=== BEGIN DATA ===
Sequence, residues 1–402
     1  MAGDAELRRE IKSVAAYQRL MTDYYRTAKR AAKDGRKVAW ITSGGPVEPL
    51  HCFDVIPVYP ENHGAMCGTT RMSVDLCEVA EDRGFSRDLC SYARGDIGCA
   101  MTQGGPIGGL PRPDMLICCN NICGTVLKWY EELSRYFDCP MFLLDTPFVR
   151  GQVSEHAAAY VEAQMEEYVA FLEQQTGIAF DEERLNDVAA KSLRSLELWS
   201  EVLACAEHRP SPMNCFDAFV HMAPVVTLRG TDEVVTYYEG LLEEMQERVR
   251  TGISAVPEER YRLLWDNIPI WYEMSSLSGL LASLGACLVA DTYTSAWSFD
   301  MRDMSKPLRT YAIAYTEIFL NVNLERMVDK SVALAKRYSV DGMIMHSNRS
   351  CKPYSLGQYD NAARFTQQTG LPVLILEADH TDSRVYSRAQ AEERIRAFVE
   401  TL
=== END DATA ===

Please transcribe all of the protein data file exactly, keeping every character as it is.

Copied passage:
Sequence, residues 1–402
     1  MAGDAELRRE IKSVAAYQRL MTDYYRTAKR AAKDGRKVAW ITSGGPVEPL
    51  HCFDVIPVYP ENHGAMCGTT RMSVDLCEVA EDRGFSRDLC SYARGDIGCA
   101  MTQGGPIGGL PRPDMLICCN NICGTVLKWY EELSRYFDCP MFLLDTPFVR
   151  GQVSEHAAAY VEAQMEEYVA FLEQQTGIAF DEERLNDVAA KSLRSLELWS
   201  EVLACAEHRP SPMNCFDAFV HMAPVVTLRG TDEVVTYYEG LLEEMQERVR
   251  TGISAVPEER YRLLWDNIPI WYEMSSLSGL LASLGACLVA DTYTSAWSFD
   301  MRDMSKPLRT YAIAYTEIFL NVNLERMVDK SVALAKRYSV DGMIMHSNRS
   351  CKPYSLGQYD NAARFTQQTG LPVLILEADH TDSRVYSRAQ AEERIRAFVE
   401  TL